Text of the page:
With Motum’s omission from the 12-man squad, Chris Goulding looks set to shoulder a commanding portion of Australia’s offensive bench productivity. As the only proven scorer for the Boomers’ presumed second-unit, Goulding has been entrusted by Goorjian with keeping the scoreboard ticking while Mills and Ingles sit. What remains to be seen, however, is Goorjian’s Plan B should Goulding be failed by his hot-hand through the course of the tournament.
Having largely assumed starting centre duties for Australia at the 2019 World Cup, Aron Baynes will embark on his first major tournament since the retirement of Andrew Bogut. After enduring a disappointing maiden season with the Toronto Raptors, Baynes will look to get his groove back in Tokyo.
Special plaudits to:
The South-Sudanese born product initially had ambitions of playing football in the Olympics, and only took to basketball in his final years of high school after a growth spurt placed him perfectly for the hardwood. Reath spent two years playing in Junior College before earning his transfer to LSU, where after two productive years was signed professionally in Serbia. Reath joins the Boomers after his first season with EuroLeague side Crvena zvezda, where he was an important piece for a side that won both the Serbian and ABA League.
A third consecutive Olympics appearance didn’t look all that likely for Dellavedova earlier this year, whose bouts with a serious concussion sustained in the primitive stages of the 2020/21 NBA season left many concerned for the future of the NBA Champion’s career. Now named for Tokyo 2020, Delly is primed to again assume floor general responsibilities for what shapes to be the best Boomers’ outfit yet.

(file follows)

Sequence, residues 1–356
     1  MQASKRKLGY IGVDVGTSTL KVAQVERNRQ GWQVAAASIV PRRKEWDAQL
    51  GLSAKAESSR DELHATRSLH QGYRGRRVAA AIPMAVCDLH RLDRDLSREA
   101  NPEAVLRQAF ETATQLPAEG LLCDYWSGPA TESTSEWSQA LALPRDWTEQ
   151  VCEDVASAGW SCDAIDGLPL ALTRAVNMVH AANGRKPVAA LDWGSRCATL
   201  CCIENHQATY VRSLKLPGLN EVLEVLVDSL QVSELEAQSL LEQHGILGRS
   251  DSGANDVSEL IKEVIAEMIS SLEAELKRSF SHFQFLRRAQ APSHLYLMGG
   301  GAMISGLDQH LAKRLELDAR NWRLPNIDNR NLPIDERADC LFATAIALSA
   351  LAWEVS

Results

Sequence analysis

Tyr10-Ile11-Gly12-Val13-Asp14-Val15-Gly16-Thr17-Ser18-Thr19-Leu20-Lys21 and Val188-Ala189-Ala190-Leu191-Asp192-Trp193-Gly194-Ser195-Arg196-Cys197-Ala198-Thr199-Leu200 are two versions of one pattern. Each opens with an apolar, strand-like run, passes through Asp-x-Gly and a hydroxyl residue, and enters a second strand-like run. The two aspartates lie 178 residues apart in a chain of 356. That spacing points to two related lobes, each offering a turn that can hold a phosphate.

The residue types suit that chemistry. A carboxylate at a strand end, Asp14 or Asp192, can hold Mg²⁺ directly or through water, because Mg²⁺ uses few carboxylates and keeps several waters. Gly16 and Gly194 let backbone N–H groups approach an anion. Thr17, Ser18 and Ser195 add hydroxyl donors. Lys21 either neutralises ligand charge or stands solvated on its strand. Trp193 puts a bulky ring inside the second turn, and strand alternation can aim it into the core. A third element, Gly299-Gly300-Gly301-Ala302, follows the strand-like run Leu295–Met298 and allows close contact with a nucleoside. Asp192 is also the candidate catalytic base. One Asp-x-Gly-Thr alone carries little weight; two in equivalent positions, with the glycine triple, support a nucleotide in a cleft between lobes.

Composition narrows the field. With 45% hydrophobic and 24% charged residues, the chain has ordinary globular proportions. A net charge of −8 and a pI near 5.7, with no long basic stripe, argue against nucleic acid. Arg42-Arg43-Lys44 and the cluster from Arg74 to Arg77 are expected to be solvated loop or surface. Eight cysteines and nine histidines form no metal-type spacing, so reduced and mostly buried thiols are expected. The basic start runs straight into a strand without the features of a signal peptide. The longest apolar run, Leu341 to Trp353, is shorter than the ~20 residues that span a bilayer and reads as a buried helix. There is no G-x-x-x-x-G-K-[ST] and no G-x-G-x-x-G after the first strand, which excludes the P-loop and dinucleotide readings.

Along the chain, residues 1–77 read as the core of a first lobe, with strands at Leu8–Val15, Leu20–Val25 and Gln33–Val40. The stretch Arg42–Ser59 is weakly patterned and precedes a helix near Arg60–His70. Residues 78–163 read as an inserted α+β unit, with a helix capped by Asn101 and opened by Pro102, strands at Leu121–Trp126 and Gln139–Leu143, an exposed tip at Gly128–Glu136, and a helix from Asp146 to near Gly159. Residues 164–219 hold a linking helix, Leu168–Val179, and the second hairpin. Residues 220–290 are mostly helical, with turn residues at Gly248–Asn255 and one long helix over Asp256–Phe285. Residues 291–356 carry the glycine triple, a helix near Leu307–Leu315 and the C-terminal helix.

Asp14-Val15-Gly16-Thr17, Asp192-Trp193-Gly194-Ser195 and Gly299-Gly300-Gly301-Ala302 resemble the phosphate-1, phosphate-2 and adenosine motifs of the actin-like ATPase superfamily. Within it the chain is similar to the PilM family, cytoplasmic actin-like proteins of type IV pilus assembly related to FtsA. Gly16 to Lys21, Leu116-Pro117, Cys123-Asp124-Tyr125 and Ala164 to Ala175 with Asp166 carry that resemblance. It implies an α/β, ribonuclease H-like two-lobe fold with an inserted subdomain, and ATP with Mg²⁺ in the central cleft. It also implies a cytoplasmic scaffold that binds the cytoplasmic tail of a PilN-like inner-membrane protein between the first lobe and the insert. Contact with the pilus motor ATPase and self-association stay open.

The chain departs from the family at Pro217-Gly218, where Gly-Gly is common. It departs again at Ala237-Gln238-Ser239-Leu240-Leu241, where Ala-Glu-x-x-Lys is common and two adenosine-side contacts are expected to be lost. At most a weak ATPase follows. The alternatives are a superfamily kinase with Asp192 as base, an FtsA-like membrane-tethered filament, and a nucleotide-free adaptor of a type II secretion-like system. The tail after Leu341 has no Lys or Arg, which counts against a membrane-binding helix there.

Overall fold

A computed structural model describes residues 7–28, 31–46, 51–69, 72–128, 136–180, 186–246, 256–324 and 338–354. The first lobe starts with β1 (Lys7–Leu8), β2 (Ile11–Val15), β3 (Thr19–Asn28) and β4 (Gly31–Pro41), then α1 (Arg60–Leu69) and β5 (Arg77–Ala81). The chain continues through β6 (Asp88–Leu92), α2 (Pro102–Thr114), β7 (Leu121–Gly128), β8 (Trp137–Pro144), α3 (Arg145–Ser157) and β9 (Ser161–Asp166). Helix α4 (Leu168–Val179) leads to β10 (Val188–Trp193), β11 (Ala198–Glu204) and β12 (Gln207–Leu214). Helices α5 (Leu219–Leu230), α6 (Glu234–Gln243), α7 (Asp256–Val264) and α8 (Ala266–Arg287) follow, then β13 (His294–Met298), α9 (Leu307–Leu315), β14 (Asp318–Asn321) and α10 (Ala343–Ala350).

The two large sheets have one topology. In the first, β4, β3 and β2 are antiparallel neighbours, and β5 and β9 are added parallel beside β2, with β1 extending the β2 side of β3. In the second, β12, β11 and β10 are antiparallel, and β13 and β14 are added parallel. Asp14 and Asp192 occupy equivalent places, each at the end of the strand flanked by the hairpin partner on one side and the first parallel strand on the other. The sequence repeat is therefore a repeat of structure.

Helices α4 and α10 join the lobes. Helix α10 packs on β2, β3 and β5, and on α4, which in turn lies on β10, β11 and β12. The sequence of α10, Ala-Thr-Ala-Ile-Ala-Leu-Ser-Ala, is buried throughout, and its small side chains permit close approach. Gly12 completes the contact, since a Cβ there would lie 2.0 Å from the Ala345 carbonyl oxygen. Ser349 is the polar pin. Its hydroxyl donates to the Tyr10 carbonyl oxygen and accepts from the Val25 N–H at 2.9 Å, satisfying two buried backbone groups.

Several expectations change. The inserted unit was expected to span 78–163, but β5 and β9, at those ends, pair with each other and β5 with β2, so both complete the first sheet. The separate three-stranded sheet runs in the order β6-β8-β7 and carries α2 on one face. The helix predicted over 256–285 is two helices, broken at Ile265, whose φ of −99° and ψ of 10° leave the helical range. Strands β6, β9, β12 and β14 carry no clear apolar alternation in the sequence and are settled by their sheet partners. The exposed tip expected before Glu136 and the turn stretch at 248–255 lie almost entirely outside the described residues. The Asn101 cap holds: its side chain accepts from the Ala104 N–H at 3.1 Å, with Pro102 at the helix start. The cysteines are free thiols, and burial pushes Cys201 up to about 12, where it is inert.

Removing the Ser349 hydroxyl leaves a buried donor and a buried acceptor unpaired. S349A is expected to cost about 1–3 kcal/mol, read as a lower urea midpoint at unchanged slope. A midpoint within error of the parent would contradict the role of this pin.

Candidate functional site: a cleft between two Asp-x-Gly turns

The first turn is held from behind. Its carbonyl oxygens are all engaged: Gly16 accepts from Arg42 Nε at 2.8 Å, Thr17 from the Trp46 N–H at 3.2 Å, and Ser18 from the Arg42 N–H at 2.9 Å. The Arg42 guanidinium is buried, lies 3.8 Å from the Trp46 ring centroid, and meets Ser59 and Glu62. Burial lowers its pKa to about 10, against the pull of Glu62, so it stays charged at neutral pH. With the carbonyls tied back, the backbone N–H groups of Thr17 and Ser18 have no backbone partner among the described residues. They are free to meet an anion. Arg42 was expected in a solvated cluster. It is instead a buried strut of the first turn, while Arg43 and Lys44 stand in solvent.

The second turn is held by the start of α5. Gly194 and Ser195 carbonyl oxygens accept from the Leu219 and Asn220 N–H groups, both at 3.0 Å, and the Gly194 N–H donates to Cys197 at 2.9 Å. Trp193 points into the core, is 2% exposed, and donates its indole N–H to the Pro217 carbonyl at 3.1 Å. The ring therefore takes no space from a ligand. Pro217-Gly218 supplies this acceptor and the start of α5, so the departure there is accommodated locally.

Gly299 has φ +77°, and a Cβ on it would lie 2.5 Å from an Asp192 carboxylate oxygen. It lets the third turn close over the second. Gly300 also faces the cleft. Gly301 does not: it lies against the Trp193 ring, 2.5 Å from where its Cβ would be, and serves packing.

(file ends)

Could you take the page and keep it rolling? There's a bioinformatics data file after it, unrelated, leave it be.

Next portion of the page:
After seeing limited playing opportunities under Rick Carlisle with the Dallas Mavericks in his rookie season, Josh Green enters his first Olympics campaign eager to make a strong impact for his national side. With new management awaiting Green on the other side of Tokyo, a strong Boomers’ campaign may be just what the 20-year-old needs to find a role under Jason Kidd in his sophomore season.
After helping Perth to their second consecutive NBL Championship, and being named a back-to-back All-NBL First Teamer, Nick Kay made the ambitious move to Spanish side Real Betis ahead of the Olympic window. Arriving to an unfamiliar infrastructure and system, Kay quickly became a critical member of a Betis side that staved off relegation and has now been rewarded for his move abroad with a debut Olympic nod.
After failing to sign that elusive NBA deal last offseason, Landale stayed in Australia after spending his first two professional seasons in Europe. With Landale their talisman, Melbourne United dominated the NBL, where they boasted a league-best record and subsequently swept the Perth Wildcats in the Grand Final Series. Landale was named MVP of the Grand Final Series and was also named an All-NBL First Teamer. Now with a first Olympics appearance on the horizon, a classy showing in Tokyo may be just what Landale needs to finally ink an NBA contract.
Nathan Sobey stands as the personification of hard work and resilience for this Boomers squad. Initially left out of Australia’s extended Olympic squad in February, Sobey’s play for the Brisbane Bullets following his omission from the Boomers’ setup forced Goorjian to add the shooting guard back into the program three months later. Now named to his first Olympic Games after his first World Cup appearance two years prior, Sobey will be offered an opportunity to display his resilient spirit to a global audience in Tokyo.
The Boomers will begin their road to Tokyo with a Las Vegas showcase game against Argentina next Sunday afternoon (AEST), before taking on the USA and Nigeria the following Tuesday and Wednesday.
The squad will begin Olympic tournament play on Sunday the 25th of July against Nigeria, two days after the Tokyo 2020 Opening Ceremony.